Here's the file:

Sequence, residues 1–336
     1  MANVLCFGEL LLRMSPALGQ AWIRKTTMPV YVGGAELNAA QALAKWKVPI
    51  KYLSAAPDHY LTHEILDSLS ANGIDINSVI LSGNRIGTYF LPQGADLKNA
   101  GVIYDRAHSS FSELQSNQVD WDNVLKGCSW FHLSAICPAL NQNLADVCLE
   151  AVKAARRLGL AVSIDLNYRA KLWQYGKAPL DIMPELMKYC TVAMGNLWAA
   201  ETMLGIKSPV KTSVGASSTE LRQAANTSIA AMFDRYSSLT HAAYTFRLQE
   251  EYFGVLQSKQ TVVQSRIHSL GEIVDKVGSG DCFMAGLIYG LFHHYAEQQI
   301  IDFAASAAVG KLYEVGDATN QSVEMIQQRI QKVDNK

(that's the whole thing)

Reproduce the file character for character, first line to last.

Sequence, residues 1–336
     1  MANVLCFGEL LLRMSPALGQ AWIRKTTMPV YVGGAELNAA QALAKWKVPI
    51  KYLSAAPDHY LTHEILDSLS ANGIDINSVI LSGNRIGTYF LPQGADLKNA
   101  GVIYDRAHSS FSELQSNQVD WDNVLKGCSW FHLSAICPAL NQNLADVCLE
   151  AVKAARRLGL AVSIDLNYRA KLWQYGKAPL DIMPELMKYC TVAMGNLWAA
   201  ETMLGIKSPV KTSVGASSTE LRQAANTSIA AMFDRYSSLT HAAYTFRLQE
   251  EYFGVLQSKQ TVVQSRIHSL GEIVDKVGSG DCFMAGLIYG LFHHYAEQQI
   301  IDFAASAAVG KLYEVGDATN QSVEMIQQRI QKVDNK